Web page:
Going To The Doctor

You know, this afternoon, I was in the doctor’s office. I didn’t want to be there, but I was. You see, the last couple of days, I hadn’t been feeling too hot. I thought that İ might have the flu. Thought right. If any of you out there have experienced the flu, or to be technical about the matter, influenza, then you know what it’s like. For those of you who haven’t had the misfortune, imagine dying without being able to be dead. It’s not any fun.

 

So anyway, I’m sitting there in this guy’s waiting room, waiting. While I’m sitting there, I start to wonder what all the other folds waiting are here for. If you think too hard on that sort thing, it can really mess with your head. I mean, I’m already sick enough. waiting roomI suddenly start to think that it probably isn’t helpful for me to be breathing in everybody else’s sickness. The same would hold true for the little girl sitting across from me. It looks like her mommy is sick, and the kid is just kinda tagging along. So now I’m trying not to breathe these other people’s junk, and at the same time, trying not to direct my germs towards the kid. Well, this is starting to get too complicated already. I feel worse now than when I walked into the joint. I am however, going m hold a newspaper close to my face when I have to breathe. Hey man, I don’t need any more trouble than I already have. There, that works just fine. It’s not a bad column either.



There, enough about all that, I’m getting sidetracked. I need to tell you people some more about my near-death experience. I spent the last two days, one of which was a workday, laid up on the couch in a state of semi-consciousness. 5 minutes felt like 5 hours, and what little bit I managed to eat or drink, didn’t stay with me very long. I watched an episode of ER, and pretended it was me on the stretcher. As they wheeled me to trauma center, I would look up at the pretty nurse. I then imagined that her face would be my last earthly vision before I gasped for breath and expired. It’s at times such as these, you hope that it’s not time for a commercial as that could really limit your chances for being “brought back”. But, this particular episode seemed to be commercial free. During said episode, I also drank about a gallon of Kaopectate, and abused a bottle of ibuprofen. I’m almost certain that the trauma team saved me, although it could’ve just been a dream.

 

That’s why I’m sitting here in this waiting room, that and the fact that I need a doctor’s slip to return to work on Monday. Remember how we used to need a slip to go home early, no you need one just to go back late, or early. No slip– keep your ass at home. What a deal, so when I finally got here, I felt better already. I suppose that I could’ve gone to the Emergency Room, but I’m not that sick. Besides, that place is expensive. Also, I figured that the real thing would never live up to my experience on Prime Time television. I was most likely correct. I mean, a pretty nurse probably wouldn’t bother to look at me twice, let alone bring me back from the abyss.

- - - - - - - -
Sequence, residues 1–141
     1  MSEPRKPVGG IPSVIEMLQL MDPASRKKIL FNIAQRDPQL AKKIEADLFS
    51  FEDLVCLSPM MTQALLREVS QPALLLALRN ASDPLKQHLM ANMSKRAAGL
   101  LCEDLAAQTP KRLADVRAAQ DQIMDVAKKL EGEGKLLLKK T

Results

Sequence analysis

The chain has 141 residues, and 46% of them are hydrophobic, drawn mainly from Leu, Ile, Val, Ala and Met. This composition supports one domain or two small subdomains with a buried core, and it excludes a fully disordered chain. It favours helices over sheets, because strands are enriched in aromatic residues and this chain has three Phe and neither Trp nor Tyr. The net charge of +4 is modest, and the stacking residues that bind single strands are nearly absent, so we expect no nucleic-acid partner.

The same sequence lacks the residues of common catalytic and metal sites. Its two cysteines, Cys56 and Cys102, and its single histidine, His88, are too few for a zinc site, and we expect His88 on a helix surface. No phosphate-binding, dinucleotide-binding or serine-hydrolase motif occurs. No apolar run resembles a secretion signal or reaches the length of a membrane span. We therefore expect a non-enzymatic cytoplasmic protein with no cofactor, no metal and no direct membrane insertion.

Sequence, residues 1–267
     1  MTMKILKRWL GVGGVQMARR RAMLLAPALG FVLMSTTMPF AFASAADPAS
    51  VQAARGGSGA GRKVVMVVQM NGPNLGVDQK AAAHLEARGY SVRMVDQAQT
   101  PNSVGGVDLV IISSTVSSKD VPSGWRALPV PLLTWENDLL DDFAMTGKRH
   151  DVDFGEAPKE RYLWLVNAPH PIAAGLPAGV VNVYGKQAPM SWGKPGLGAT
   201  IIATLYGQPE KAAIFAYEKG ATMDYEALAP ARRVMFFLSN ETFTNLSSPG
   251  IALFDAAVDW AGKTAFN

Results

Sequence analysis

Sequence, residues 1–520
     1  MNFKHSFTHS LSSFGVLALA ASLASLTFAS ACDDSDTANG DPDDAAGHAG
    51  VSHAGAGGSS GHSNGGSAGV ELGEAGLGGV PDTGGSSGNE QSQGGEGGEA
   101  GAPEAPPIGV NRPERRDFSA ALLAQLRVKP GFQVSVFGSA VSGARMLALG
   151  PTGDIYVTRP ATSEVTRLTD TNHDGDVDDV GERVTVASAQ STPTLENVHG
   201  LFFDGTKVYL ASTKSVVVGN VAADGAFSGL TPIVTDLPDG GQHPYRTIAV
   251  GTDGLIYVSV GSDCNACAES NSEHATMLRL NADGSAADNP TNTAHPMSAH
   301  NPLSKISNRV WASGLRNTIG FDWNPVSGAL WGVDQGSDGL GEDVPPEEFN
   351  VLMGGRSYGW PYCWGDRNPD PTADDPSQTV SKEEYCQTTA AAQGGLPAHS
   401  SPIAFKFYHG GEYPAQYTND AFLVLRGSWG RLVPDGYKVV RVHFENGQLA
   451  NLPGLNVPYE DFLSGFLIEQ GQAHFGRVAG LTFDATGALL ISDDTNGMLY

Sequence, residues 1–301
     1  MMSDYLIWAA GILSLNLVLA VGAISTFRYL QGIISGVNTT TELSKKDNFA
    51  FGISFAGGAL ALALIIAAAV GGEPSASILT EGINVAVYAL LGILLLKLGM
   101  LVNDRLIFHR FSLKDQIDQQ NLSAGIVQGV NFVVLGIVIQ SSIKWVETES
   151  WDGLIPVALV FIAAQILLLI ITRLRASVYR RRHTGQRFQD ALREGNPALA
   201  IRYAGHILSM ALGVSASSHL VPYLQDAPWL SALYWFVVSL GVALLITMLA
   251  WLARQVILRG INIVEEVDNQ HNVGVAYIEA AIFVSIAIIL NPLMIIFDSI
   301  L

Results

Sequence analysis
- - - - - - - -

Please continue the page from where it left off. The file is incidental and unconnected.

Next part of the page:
Which brings us back to the present. I’m sitting in the waiting room, still waiting. I think that I finally have this breathing thing figured out. I’m only gonna pay for the sickness that I walked in with. Nothing more, nothing less, just hold the newspaper close, and don’t make eye contact.ManReadingNewspaper_010709 Just when I’m almost finished reading the column, the nurse comes out and calls my name. I pretend not to hear her, and finish reading the silly thing, like it’s gonna make a difference in my life somehow. There, I’m finished reading, she should call my name again soon. They do that in case you’re in the bathroom or something. I start to read another section, get halfway through it, and she comes out and calls my name again. I take one last protected breath, and put the newspaper down. I’m ready to get this over with.

 

I go back and sit on the examination table. There are no newspapers in here, only women’s magazines. This guy better not keep me waiting much longer. Thankfully, he doesn’t. I start in on my litany of complaints, and that I think I might have the flu, and that I’m a 40 something year old man who needs a note from his doctor so I won’t get into trouble at work. The good doctor gives a reassuring smile, and begins his examination.talking to doctor As it turns out, I don’t have cancer, so that’s good. He tells me that my blood pressure is “O.K.”, as is the ticking of my ticker. My reflexes are good, and there are no “big” problems with excess body fat. As it turns out, he says that I’m in pretty good shape, except for 2 things.

 

First of all, my hair is slowly falling out of my head. The doctor was nice and said that I “was thinning a bit”. Secondly, I DO have the flu. Apparently, and here’s the real kick in the pants, at the point that I am at, there isn’t a whole lot that you can do except to let it “run its course”. Well, I had already been unconsciously doing that, so I figured I’d be fine in short order.

 

I walk back up towards the receptionist at the front door of the office, with my file, and my “note” in hand. I pay my co-pay, and then walk out the door… into the pouring rain. But, I fell 100% better! I tell ya, it’s a funny world when you have to pay somebody to tell you something that you already knew; even though you didn’t want to know it in the first place –

 

  Just to feel better.

 

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